Rows of student-filled desks line a colorfully decorated room. The murmurs and giggles of children echo as a teacher scribbles notes on a blackboard. The smells of new books and markers fill the space as class begins.
This classroom is where you may find senior Emy Krysa in the near future, but no longer as a student.
Krysa’s brother, Zak, deals with executive function disorder; a learning disability that can affect a person’s ability to analyze, plan, organize, or complete other tasks.
“[The disorder] can affect different parts of the brain for each person, “ Krysa said. “The biggest way it affects my brother is reading. As a sophomore in high school, he can read on his own at a third grade reading level. But say someone or a computer reads to him – he comprehends well above his grade level.”
Because of her brother’s struggles, Krysa often sits down to help him with his homework or to comprehend certain topics better. This love of helping her brother led her to choose a profession that helps kids just like him. Krysa has decided to go into the field of special education or special education for deaf and hard of hearing students.
“I have always known that I wanted to be a teacher, but since helping Zak, I have realized I want to into special education to help kids like my brother,” Krysa said. ”I want to try to fix the struggles my brother went through and make my students better.”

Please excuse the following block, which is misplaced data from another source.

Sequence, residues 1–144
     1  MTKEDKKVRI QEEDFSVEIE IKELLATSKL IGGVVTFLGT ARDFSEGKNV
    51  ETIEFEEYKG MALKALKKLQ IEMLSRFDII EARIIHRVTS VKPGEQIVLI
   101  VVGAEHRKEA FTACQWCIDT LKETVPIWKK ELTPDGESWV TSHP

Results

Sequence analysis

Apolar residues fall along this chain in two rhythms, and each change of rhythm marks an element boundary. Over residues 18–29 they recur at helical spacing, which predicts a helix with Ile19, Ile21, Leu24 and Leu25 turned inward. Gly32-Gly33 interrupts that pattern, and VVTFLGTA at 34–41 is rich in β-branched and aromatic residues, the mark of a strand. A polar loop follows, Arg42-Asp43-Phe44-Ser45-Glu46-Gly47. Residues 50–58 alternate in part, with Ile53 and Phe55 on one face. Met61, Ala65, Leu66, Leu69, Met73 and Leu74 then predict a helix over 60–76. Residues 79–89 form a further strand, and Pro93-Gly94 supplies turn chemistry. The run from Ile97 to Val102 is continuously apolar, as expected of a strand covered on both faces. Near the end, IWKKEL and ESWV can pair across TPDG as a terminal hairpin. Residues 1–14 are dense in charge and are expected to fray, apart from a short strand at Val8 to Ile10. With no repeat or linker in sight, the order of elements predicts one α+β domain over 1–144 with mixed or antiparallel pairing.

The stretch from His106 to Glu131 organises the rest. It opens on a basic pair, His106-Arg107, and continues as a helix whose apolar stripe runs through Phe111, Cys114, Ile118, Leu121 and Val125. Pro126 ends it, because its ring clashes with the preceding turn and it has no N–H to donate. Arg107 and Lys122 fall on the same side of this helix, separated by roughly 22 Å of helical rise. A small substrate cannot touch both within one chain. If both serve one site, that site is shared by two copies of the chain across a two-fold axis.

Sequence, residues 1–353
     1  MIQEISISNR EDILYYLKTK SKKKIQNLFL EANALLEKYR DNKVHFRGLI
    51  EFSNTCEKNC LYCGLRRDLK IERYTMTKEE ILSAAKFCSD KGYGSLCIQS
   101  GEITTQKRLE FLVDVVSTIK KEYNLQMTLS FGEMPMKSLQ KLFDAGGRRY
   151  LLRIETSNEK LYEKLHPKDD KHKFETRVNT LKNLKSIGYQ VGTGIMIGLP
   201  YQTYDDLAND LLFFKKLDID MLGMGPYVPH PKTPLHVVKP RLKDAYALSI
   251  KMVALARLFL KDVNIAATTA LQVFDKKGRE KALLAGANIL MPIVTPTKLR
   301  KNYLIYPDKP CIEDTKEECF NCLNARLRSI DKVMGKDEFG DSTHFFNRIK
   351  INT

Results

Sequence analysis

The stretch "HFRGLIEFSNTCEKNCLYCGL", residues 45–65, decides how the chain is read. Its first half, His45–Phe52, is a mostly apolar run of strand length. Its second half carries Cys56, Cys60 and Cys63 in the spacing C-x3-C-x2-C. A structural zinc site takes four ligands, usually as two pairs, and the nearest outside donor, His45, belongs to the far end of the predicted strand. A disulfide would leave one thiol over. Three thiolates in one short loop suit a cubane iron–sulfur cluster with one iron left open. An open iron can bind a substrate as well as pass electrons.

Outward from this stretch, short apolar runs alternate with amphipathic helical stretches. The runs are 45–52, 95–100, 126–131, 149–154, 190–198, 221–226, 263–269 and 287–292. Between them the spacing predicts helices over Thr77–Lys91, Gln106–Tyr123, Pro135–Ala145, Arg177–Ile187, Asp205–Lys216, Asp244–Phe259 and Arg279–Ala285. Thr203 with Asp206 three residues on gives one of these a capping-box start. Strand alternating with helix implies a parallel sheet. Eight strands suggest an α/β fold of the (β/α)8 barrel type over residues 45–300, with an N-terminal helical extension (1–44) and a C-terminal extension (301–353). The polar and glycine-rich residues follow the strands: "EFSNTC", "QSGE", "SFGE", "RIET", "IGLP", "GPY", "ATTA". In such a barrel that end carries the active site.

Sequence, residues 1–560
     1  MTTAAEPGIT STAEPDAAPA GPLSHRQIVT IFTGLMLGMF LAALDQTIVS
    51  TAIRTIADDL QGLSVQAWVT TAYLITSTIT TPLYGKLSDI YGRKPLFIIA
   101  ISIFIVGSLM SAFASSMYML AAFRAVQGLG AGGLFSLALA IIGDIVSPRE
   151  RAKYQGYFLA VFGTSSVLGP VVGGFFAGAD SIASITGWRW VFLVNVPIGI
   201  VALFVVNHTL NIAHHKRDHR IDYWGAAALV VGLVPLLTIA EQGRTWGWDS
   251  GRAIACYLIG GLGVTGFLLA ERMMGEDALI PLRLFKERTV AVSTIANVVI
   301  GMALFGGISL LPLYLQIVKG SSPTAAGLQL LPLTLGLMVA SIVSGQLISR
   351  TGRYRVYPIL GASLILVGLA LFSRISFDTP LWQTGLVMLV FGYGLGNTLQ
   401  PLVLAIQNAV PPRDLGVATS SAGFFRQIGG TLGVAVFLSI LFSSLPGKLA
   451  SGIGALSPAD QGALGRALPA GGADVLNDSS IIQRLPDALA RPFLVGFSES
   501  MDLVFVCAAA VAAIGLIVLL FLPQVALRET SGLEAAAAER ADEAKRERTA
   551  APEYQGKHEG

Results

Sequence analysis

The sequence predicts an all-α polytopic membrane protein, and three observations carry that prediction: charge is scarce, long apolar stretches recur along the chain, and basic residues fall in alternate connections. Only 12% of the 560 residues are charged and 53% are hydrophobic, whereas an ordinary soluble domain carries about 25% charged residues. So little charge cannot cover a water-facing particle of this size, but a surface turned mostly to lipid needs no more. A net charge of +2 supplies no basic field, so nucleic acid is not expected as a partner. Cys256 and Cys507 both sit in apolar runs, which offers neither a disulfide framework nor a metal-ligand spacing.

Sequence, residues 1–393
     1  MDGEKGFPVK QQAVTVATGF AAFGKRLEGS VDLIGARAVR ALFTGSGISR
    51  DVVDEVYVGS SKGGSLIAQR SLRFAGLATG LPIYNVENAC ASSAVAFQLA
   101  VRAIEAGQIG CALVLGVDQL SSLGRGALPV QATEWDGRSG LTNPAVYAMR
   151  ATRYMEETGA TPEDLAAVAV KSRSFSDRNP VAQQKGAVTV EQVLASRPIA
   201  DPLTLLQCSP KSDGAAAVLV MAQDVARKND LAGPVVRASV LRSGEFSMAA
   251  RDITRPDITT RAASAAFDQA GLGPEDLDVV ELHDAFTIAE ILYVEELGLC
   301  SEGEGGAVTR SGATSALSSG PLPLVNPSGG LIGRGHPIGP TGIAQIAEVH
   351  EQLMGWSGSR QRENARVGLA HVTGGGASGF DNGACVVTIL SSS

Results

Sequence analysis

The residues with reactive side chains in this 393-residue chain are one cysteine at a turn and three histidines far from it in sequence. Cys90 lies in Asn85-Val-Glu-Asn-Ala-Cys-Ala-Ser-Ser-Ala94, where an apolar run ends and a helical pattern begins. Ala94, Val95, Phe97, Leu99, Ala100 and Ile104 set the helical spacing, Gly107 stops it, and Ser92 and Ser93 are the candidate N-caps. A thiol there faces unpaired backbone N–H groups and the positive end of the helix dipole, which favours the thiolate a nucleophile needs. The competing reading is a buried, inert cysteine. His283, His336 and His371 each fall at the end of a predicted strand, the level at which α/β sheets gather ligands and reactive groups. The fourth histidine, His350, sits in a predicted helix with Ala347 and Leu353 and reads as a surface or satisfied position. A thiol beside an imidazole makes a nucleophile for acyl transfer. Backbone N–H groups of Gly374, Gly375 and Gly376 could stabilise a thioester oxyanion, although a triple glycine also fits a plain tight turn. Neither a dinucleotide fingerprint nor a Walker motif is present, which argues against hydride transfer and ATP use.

Krysa’s decision stems from the inspiration and life lessons she learned from her brother.
“For someone that cannot read, and gets up every day and goes about his life like any other high school student, when all we do every day is read,” Krysa said.
“I say that that is courage and strength because many people could have quickly given up and not accept the challenge it is.”
Krysa has also learned from her brother that “nothing is handed to you. You have to work to get what you want and you have to work to be successful,” Krysa said.
Along with her brother, Krysa’s aunt has inspired her to choose this career path.
“My aunt inspires me because she is partially deaf, “Krysa said, “She uses a hearing aid so she is able to hear everyone.”
Krysa’s brother and family are excited to see her go into special education.
“My brother is happy that I am doing it because he knows what the struggles are and knows what it takes to overcome them,” Krysa said. “He thinks I’ll be perfect for it.”
Career counselor Nathan Bargar emphasizes on the importance of choosing a career path that is meaningful to them.
“You hear this, and it may be cliché, but it’s true,” Bargar said. “If you do something you’re passionate about you will never work a day in your life.”
He also spoke about the importance of thinking of how your career decisions may inspire others.
“It’s important not let people talk you out of your passion, people want to talk about the negatives first,” Bargar said.
“You have to remember the people who have had an impact on your life, and working to have an impact on someone else’s life. Whether you have a passion for that, it’s something to be passionate about. ”
In the future, Krysa hopes you can find her in the classroom.
“I want to be teaching kids and helping them overcome their struggles when it comes to learning,” Krysa said,“I hope my career will be something that I love and that it will result in a job I’m excited to go to every day.”